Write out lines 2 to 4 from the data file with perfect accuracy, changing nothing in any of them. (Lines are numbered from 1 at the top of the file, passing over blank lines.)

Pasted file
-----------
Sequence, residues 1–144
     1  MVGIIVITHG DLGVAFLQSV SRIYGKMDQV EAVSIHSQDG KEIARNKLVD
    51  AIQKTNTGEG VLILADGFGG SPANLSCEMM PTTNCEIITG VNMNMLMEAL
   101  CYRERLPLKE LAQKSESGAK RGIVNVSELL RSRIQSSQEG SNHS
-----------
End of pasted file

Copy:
     1  MVGIIVITHG DLGVAFLQSV SRIYGKMDQV EAVSIHSQDG KEIARNKLVD
    51  AIQKTNTGEG VLILADGFGG SPANLSCEMM PTTNCEIITG VNMNMLMEAL
   101  CYRERLPLKE LAQKSESGAK RGIVNVSELL RSRIQSSQEG SNHS